As a deafblind actor, I was excited to be involved in the production of In Touch at the National Theatre.
In Touch is a show about how deafblind people go through life, the barriers they have faced as well as learning how to live with their disability. For the production, Graeae Theatre Company collaborated with the Inclusion Theatre Company from Russia.
The first few days of rehearsals in Moscow were in a studio room in an art museum. Here, we got to know each other and bond exploring different drama games.
We watched the 2015 version of the play to get an idea of the shape of it. Then we worked on a few scenes to start – which included me and Raji, both actors from the UK – in what would become a new version of the play.
We worked on words or phrases on how we feel about being deafblind, or how the hearing actors felt when meeting someone who is deafblind. We also did ensemble work as at times during the play we work together to show the idea of both loneliness and togetherness. We also had an open rehearsal so visitors from the museum could watch.
On one of the days, we rehearsed on a stage connected to a university. The small theatre space could have held up to 200 audience members. We rehearsed and worked out how to tell people’s individual stories in different ways, and how to use certain objects as metaphors.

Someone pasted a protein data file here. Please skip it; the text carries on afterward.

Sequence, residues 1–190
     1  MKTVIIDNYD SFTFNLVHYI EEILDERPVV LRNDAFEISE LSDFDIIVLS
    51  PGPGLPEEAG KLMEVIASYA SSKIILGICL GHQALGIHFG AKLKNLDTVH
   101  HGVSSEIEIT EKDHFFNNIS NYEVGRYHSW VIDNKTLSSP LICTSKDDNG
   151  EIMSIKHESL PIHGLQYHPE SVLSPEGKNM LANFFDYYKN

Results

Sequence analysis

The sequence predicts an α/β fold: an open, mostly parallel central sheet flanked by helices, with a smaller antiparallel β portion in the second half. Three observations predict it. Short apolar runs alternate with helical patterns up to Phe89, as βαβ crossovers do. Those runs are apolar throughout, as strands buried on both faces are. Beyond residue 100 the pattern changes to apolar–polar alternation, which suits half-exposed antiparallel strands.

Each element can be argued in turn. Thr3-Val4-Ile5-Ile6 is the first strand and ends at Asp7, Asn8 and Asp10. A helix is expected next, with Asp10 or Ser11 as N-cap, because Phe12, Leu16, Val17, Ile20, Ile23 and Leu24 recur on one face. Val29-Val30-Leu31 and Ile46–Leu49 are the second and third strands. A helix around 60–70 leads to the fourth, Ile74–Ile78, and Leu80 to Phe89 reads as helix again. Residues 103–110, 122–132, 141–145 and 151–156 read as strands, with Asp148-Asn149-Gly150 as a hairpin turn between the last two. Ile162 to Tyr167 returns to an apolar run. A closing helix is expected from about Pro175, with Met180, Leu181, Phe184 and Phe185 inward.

With this project, we had several languages in one room. In fact we had six languages in the room, which included Russian to English, English to Russian, British Sign Language, English to Hands On, Russian to Russian Sign Language, Russian Hands On and Russian Deafblind Manual.
After a week of rehearsing at Graeae Theare in London, the big day came. The performance of In Touch was staged at The National Theatre, London on the 14 October for two performances. Tension was high as we did the technical run through – we had so little time – but the National Theatre crew were brilliant and made sure it all fell in to place on time.
Both performances went really well and the audience really enjoyed it.
Sense Arts collaborated on In Touch, a new production at the National Theatre.
In Touch presented real stories of people who are deafblind, blind, visually impaired, D/deaf, hard-of-hearing, sighted and hearing – all told through an eclectic style of spoken, signed and physical theatre.